|Charlotte Mayorkas carried
her own bag through each of the two stroke-play qualifying rounds
and her two match-play victories on Thursday. The Chula Vista, Calif.,
resident and junior-to-be at UCLA prefers lugging her own bag at
competitions. (John Mummert/USGA)
Charlotte Mayorkas, of Chula Vista, Calif., walked back to the clubhouse
following a hard-fought 19-hole victory over Brittany Lang, of McKinney,
Texas, an ESPN production worker drove by in a cart and told the UCLA
junior-to-be that she should get a break by allowing someone else to
carry her bag.
seemed oblivious to the gesture. The 19-year-old is perfectly happy
lugging her Sunday bag around the hilly 6,382-yard layout.
had a bad experience at the 1999 Girls’ Junior,” said Mayorkas, explaining
her reason for eschewing a caddie. “I’m tired, but not like exhausted.
It’s my security blanket. I just like carrying it. It feels weird when
I have somebody else carrying it.”
local caddies can be helpful in reading the tricky William Flynn-designed
green complexes, Mayorkas decided that going solo was the right thing
to do. She did hire a caddie during a practice round last Saturday to
get a feel for the nuances of the course.
dollars was a lot (to pay) for a caddie,” she added. “I don’t really
want to talk to anybody and I don’t want anybody to read my putts, either.
If I don’t see (the line), it’s my fault.”
also carried her own clubs at the Women’s Amateur Public Links Championship
in June down at Ocean Hammock in Palm Coast, Fla. But her stay there
was brief, losing in the first round of match play.
who faces In-Bee Park in the third round on Thursday, was coming off
a strong season at UCLA where she was named a first-team All-American
by the National Golf Coaches Association.
is the furthest I have gone in a USGA event,” said Mayorkas, who placed
16th at the NCAA Women’s Championship. “After I won at ( Arizona State
), my postseason was a little rough.”
wasn’t the only person not using a caddie. Sarah Sasse, a recent graduate
from the University of Nebraska, carried her own for her opening-round
victory over Sally Krueger, of San Francisco, Calif. But she opted to
have a caddie for round two. Sasse had a 3-up lead with four holes to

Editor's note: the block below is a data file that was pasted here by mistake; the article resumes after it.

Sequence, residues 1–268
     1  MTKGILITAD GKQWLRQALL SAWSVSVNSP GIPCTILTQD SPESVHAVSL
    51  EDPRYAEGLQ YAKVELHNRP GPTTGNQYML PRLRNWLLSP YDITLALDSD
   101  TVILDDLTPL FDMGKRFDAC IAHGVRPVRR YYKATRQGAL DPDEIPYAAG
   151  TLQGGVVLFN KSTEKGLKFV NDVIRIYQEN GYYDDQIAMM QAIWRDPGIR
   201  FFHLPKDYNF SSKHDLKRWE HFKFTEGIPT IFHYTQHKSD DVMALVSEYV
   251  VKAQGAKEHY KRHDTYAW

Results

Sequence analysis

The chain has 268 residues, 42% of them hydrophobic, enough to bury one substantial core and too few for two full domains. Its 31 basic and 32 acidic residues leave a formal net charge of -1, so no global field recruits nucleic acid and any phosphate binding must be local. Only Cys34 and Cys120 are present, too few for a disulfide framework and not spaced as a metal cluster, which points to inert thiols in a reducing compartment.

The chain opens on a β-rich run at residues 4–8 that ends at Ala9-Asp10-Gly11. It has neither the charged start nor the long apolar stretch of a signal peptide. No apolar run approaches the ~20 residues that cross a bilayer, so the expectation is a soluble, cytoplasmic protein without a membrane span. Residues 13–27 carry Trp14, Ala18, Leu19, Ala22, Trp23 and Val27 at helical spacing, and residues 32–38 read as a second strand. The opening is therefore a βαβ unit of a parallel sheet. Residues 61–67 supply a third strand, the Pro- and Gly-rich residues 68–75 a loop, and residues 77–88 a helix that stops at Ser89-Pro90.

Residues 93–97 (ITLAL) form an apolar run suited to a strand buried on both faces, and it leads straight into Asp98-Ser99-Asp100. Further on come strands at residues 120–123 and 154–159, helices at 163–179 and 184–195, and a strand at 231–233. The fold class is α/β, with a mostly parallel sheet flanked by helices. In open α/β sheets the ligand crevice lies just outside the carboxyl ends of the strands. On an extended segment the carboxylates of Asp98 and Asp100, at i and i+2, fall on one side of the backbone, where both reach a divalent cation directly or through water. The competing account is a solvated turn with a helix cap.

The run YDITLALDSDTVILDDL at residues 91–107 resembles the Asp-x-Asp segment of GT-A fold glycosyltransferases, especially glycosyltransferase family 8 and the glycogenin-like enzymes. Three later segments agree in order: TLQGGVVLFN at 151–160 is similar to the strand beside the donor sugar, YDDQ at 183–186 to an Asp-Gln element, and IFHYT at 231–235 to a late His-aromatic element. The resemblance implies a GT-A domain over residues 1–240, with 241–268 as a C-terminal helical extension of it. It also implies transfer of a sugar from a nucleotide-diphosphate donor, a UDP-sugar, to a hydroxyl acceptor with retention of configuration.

play against Kailin Downs, but wound up dropping a 1-up decision, losing
the final four holes. Downs, of Bend, Ore., entered the championship
having won the Women’s Trans-National last week in New Mexico.
was not a good day for the youngest competitors left in the field. All
three 13-year-olds, Michelle Wie, Sydney Burlison and Mina Harigae lost
their first-round matches. Harigae, coming off a semifinal showing at
the U.S. Girls’ Junior two weeks ago, fell to Spain ’s Tania Elosegue,
4 and 2. Burlison lost to Ya-Ni Tseng, of Chinese Taipei, 6 and 5, and
Wie suffered a tough 1-up defeat to Maru Martinez.
a 14-year-old, also was eliminated in round two by Paula Creamer, 17,
of Pleasanton, Calif., 1 up, when her 3-foot par putt at the 18th hole
did a full 360-degree lipout.
players from the Greater Philadelphia area were among the 156 contestants
this week, but only Kristen White, of Doylestown, Pa., survived the
match-play cut. White played the longest match of the championship,
dropping a 21-hole decision to Katie Futcher, of The Woodlands, Texas,
who plays collegiately at Penn State. White will be a junior at Ohio
It was a tough
day for the career amateurs as all seven who qualified for match play
were eliminated by the end of the second round. Kathy Hartwiger, the
2002 U.S. Women's Mid-Amateur champion, was the lone survivor of the
opening round, but the 37-year-old mother of two was ousted by Diana
Ramage, a senior-to-be at Auburn University, 2 up. The other six to
make match play were Robin Burke, Sally Krueger, Leann Fairlie, Ellen
Port (three-time Women's Mid-Am champion), Laura Shanahan-Rowe (2001
Women's Mid-Am winner) and Cecilia Barksdale.
of the Championship
had the most players in the match-play field with 15, followed closely
by Texas with seven. The Californians went 14-8 on the day, while the
Texans posted a 6-6 mark.
Shefter is a staff writer with the USGA. He can be reached at dshefter.usga.org.